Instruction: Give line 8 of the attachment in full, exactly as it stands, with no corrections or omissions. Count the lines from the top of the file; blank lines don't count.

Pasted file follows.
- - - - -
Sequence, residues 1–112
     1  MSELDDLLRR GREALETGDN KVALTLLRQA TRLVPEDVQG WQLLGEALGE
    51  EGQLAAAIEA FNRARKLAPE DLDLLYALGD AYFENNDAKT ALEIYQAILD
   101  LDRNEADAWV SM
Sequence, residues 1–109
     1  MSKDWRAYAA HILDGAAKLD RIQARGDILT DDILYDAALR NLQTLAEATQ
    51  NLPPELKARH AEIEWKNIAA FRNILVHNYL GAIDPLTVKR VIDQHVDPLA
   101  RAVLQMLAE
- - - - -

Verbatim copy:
   101  RAVLQMLAE